Crooks’ Soccer Journal: Social Media and Pro Soccer Players



The current use of social media and digital technology among professional athletes was underscored this week by a pair of highly respected representatives of the soccer establishment.

New York City FC played the Chicago Fire to a listless 1-1 draw last Sunday at Yankee Stadium. Absent from the squad were two regulars for City – starting forward Khiry Shelton and reserve midfielder, Mikey Lopez.

In the post-match press conference, Patrick Vieira revealed that Shelton and Lopez had been suspended due to the inappropriate use of social media.

“I think that was disrespectful to Chicago and this is not the message I want from the players because I want this football club to be humble and work hard,” said Vieira. “When I’m talking about the club, I’m talking about the grounds men, I’m talking about the people who work in the office. It doesn’t reflect who we are as a football club and this is why they did not take part in the game today.”

A leading authority in the field of social media supports Vieira’s decision.

“Coach Vieira is clearly uncomfortable with that kind of tone, and is setting a high standard here,” said Mary Chayko, professor at Rutgers University’s School of Communication and Information and the author of a new book on digital communication called Superconnected: The Internet, Digital Media, and Techno-Social Life. “There’s a good chance that he has prevented a more egregiously disrespectful social media incident from occurring somewhere down the line.”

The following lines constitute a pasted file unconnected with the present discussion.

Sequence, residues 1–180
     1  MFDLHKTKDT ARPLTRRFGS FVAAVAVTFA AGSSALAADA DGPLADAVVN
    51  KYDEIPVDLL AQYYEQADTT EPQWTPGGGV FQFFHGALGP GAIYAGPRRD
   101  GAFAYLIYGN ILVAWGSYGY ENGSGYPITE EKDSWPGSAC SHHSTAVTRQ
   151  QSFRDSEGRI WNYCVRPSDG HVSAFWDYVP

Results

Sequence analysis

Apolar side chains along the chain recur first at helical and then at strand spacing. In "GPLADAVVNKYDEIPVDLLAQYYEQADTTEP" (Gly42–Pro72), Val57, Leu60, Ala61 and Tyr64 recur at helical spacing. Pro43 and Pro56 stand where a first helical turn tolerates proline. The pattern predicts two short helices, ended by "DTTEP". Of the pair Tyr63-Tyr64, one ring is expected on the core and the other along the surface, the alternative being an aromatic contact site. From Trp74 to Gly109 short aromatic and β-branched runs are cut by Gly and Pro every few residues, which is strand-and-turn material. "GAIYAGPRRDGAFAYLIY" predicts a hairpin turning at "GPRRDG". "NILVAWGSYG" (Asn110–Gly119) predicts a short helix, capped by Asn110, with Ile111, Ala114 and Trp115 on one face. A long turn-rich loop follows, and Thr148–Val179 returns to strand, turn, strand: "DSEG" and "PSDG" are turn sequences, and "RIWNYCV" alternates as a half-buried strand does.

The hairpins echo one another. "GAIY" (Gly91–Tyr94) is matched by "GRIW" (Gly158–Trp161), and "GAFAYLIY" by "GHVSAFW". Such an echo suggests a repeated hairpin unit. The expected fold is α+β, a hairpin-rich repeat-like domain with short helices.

Meanwhile, Southampton manager, Ronald Koeman, insisted this week that a lack of connection on the field is the direct result of his players’ obsession with their smartphones and social media.

“Everybody goes on it straight away on their phones,” Koeman told Reuters. “Everyone just puts on his headphones and is in his own world. For young players, it is all about themselves and less about communication with the rest of the players.”

Southampton is currently seventh in the English Premiere League table and Koeman is referring his players to weekly communication sessions.

“When I was playing, we played cards on the coach when we went to matches, we talked and we had communication,” lamented the former Dutch international who was managed by Johan Cruyff at Barcelona. “That is maybe one of the reasons they don’t talk any more on the pitch.”

While supporting his efforts to further connect the Saints, Dr. Chayko signals Koeman that powerful links can be attained even when the players appear distracted by their technology.

“I’d want him to keep in mind that often, when people are on their smartphones, they’re doing things that strengthen their connectedness to one another,” she explained. “For example, his players might be sharing ideas and information with one another, or joking around and having fun together, all of which can deepen their bonds with one another. Digital communication isn’t a replacement for face-to-face communication, but in the modern age, it really does have a role in connecting us.”